Outreach

Jamie Brandon gives a talk about the Arkansas Archeological Society's Summer Training Program in El Dorado, AR in 2011.

Jamie Brandon gives a talk about the Arkansas Archeological Society’s Summer Training Program in El Dorado, AR in 2011.

In my education and outreach missions, I have given almost 240 invited public talks over the last 10 years (2006-2016, about 2 talks every month) on a variety of archeological and historical topics. Examples of the venues of these talks include: Arkansas Master Naturalists, Arkansas Museum of Natural Resources (Smackover, AR), Arkansas Tri-Peaks Regional Chamber of Commerce (Lake Dardanelle, AR), Barton Library Saturday Lecture Series (El Dorado, AR), Buffalo National River (Buffalo Point, AR), Cane Hill Museum (Canehill, AR), Chidester School Museum (Chidester, AR), Clark County Historical Museum (Arkadelphia, AR), Columbia County Genealogical Society (Magnolia, AR), De Queen Chapter of the American Association of Retired Persons (De Queen, AR), Fairfield Bay Log Cabin Museum (Fairfield Bay, AR),  Fayetteville Public Library (Fayetteville, AR), Friends of Elkins Ferry Battlefield (Prescott, AR),  Historic Arkansas Museum (Little Rock, AR), Historic Washington State Park (Washington, AR), Hobbs State Park (Rogers, AR), Hooks Public Library (Hooks, TX), Hot Springs Free Thinkers (Hot Springs, AR), Jacksonport State Park (Jacksonport, AR), Jacksonville Military History Museum (Jacksonville, AR), Jones Center for Families (Springdale, AR), Lions Clubs (Magnolia and De Queen, AR), Moasic Templar Cultural Center (Little Rock, AR), NorthWest Arkansas Community College (Bentonville, AR), the Old State House Museum (Little Rock, AR), Ouachita County Historical Society (Camden, AR), Ouachita & Calhoun County Genealogical Society (Camden, AR), Ozark Society, Highlands Chapter (Fayetteville, AR),  Preserving African-American Cemeteries Workshop (Little Rock, El Dorado, Monticello, & Washington, AR), the Questers (Hot Springs, AR), Red River Heritage Symposium (Washington, AR), Rotary Clubs (Camden, De Queen, Fayetteville, Hope, Nashville, Magnolia, & Marshall, AR), Searcy County Historical Society (Marshall, AR), Tate’s Bluff Chapter of the DAR (Camden, AR), Hot Springs Free Thinkers (Hot Springs, AR), Sevier County Historical Society (De Queen, AR),  Shiloh Museum of Ozark History (Springdale, AR), South Arkansas Community College Brown Bag Series (El Dorado, AR),  South Arkansas Historical Foundation’s speaker series (El Dorado, AR), South Sebastian County Historical Society (Greenwood, AR), Southern Arkansas University (Magnolia, AR), Union County Genealogical Society (El Dorado, AR), University of Arkansas Community College at Hope (Hope, AR), and the Winthrop Rockefeller Institute (Morrilton, AR),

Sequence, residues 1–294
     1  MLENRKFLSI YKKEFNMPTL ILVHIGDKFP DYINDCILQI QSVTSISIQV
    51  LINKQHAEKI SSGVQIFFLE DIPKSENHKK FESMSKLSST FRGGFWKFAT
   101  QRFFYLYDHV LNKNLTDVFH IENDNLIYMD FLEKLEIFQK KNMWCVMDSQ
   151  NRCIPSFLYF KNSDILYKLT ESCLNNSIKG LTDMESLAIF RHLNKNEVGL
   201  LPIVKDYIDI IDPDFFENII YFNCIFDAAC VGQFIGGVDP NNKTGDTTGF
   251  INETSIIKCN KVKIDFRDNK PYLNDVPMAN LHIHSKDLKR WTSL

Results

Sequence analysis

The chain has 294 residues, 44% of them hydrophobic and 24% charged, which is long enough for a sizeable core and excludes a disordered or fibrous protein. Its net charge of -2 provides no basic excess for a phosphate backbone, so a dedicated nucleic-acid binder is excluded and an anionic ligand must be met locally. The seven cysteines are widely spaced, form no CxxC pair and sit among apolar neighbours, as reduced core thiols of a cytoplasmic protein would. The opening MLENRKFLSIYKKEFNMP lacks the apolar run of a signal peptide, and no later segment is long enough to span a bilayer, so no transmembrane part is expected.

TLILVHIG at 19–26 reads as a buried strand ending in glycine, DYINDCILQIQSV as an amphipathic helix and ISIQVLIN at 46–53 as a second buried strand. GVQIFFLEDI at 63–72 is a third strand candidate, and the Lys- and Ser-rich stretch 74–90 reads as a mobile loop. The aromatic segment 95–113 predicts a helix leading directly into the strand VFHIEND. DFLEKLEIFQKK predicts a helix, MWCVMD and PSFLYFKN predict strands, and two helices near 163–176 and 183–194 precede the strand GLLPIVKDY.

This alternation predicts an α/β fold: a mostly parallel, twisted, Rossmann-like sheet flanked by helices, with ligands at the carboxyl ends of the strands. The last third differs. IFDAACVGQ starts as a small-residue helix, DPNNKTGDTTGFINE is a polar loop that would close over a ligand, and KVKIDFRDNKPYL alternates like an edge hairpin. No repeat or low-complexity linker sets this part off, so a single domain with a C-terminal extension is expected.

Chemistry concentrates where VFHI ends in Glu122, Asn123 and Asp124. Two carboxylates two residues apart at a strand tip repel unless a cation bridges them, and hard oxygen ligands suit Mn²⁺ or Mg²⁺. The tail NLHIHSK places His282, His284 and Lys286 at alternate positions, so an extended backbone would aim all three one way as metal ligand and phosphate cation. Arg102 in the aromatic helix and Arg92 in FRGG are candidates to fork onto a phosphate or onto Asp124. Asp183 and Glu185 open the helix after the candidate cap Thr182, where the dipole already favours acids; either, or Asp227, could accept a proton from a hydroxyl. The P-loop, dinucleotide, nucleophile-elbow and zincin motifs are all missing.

Photo Jul 18, 9 34 47 PM

Jamie Brandon & Lydia Rees giving a public talk about Ozark bluff shelters in Greenwood, AR in 2016.